Christmas is one of the most important days of the Church year, second only to Easter itself. It is the feast of the incarnation, the feast of God becoming flesh (from the Latin “in carne”, or “enfleshment”). It is a uniquely Christian teaching, the Divine choosing to become one of us. Because of this belief, God is not only Transcendant, but also wholly Immanent, Emmanuel, “God-with-us”.
During this season, we celebrate the birth of Christ into our world and into our hearts, and reflect on the gift of salvation that is born with him, including the fact that he was born to die for us.
The liturgical season of Christmas begins with the vigil Masses on Christmas Eve, and concludes on the Feast of the Baptism of the Lord (January 9, 2022).
A Christmas Message from Bishop Mark
“Thanks be to God for the Mother of God, the one who is called Immaculate Conception. How many Hail Mary’s
have gone her way this past year? And thanks be to God for Saint Joseph who slept well, and lived life
so well because he shared all of his questions, challenges, and burdens with the Lord in prayer.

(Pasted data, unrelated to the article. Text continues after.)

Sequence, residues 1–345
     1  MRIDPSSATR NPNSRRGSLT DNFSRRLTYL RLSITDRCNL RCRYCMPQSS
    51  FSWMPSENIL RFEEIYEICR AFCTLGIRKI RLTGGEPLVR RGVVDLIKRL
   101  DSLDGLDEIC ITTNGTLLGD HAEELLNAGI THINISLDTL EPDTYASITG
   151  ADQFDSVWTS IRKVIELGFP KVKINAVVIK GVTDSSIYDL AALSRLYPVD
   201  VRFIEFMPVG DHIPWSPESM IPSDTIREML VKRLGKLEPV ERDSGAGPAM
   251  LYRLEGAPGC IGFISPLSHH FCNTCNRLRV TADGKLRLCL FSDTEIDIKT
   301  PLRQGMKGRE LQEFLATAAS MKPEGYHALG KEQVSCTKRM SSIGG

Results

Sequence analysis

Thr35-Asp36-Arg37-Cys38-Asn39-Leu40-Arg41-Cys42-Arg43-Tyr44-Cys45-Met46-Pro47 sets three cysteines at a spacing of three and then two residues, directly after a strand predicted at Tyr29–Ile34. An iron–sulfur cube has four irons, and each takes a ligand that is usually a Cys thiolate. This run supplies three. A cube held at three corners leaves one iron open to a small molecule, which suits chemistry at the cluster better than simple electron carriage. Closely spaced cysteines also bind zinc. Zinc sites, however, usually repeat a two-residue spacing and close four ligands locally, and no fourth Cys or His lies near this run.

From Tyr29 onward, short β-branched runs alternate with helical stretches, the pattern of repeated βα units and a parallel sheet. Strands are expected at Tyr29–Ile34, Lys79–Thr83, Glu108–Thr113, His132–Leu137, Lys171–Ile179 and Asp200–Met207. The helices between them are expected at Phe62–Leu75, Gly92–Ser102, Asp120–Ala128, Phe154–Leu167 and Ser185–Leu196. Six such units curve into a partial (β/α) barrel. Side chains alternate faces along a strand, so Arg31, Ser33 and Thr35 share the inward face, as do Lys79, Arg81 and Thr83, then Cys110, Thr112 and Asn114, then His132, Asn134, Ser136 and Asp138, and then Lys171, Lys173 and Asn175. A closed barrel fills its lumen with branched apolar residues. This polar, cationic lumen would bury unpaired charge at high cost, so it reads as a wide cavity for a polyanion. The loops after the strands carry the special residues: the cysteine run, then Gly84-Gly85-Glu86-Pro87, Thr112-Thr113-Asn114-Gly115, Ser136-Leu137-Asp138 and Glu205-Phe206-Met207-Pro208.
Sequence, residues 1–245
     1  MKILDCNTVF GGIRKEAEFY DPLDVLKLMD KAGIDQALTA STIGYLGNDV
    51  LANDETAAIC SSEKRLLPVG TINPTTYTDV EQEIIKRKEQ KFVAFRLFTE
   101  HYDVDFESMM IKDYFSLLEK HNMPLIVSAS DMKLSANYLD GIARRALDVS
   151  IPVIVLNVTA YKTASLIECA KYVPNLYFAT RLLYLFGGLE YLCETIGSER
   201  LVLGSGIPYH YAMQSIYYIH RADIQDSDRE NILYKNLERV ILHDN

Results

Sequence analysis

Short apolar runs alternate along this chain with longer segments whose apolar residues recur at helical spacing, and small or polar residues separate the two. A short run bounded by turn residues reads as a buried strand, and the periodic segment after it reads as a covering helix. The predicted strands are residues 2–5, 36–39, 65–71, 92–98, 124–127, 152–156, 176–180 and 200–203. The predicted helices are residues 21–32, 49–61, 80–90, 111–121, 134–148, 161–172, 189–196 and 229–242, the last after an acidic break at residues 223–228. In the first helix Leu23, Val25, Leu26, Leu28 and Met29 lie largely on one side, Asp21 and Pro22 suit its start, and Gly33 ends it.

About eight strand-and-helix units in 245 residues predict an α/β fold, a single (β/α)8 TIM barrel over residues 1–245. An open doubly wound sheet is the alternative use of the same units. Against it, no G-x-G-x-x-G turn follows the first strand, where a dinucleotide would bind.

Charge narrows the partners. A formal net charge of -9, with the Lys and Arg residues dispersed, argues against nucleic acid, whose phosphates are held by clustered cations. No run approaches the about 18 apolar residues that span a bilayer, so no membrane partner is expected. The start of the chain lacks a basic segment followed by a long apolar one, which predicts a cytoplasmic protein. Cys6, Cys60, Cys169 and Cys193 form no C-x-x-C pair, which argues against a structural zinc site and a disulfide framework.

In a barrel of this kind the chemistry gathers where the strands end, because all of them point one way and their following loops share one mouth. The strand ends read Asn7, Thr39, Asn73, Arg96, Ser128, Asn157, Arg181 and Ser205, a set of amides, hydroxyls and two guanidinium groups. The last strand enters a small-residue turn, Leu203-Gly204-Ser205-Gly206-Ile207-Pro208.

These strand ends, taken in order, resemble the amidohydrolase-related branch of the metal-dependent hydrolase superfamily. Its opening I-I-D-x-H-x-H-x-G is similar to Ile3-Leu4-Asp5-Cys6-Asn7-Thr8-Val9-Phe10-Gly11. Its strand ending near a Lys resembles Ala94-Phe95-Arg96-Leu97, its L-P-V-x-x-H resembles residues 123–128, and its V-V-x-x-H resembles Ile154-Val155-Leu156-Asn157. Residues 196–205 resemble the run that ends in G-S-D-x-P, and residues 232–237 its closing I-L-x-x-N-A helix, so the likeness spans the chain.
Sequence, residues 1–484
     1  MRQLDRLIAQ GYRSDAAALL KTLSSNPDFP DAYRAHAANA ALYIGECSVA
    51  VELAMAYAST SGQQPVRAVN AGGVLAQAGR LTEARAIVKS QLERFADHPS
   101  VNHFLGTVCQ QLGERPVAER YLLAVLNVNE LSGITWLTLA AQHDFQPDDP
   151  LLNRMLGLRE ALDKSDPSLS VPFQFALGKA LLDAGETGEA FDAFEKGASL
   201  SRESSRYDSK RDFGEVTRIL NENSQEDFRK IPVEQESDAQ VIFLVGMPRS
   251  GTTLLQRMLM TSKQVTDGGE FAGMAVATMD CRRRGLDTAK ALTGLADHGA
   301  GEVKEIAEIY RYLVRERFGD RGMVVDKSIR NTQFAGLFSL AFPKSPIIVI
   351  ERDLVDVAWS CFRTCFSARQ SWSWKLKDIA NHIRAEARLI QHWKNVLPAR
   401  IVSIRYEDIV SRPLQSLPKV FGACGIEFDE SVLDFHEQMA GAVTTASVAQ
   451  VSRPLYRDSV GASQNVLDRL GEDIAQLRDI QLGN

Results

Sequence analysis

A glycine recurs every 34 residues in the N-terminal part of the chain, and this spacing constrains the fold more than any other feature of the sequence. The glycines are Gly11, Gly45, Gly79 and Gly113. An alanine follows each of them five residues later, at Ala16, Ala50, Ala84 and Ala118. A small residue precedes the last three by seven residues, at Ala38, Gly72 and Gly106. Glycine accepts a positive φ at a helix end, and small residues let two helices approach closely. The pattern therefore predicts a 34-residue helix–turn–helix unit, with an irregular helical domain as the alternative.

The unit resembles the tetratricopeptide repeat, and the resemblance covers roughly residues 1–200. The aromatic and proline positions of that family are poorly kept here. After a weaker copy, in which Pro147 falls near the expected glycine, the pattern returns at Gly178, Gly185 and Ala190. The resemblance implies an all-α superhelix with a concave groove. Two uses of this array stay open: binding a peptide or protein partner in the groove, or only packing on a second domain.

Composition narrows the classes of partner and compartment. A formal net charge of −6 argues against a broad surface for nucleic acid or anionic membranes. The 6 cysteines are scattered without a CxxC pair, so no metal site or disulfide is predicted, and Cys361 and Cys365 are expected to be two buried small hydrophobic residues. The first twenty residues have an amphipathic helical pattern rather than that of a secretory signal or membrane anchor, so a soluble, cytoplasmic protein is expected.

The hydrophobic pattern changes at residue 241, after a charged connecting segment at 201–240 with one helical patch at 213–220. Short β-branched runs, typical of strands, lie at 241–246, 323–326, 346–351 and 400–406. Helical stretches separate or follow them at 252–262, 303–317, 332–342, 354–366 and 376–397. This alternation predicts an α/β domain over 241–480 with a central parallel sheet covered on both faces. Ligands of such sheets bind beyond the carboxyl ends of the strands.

And that’s the same Lord that Joseph watched over in the stable in Bethlehem.”
Proclaim! TV Christmas Special - "Joy To The World"
In its present form, the custom of displaying figures depicting the birth of Jesus Christ owes its origin to Saint Francis of Assisi, who made the Christmas crèche or manger for Christmas Eve of 1223.
The origins of the Christmas tree are found in the medieval mystery plays that depicted the tree of paradise and the Christmas light or candle that symbolized Christ, the Light of the world.
Feast of the Epiphany
The Feast of the Epiphany celebrates the revelation of God incarnate as Jesus. It focuses primarily on this revelation to the Three Wise Men, but also at His Baptism in the Jordan and at the wedding at Cana.
The traditional date of Epiphany is January 6, but is celebrated in the United States on the Sunday between January 2 and January 8.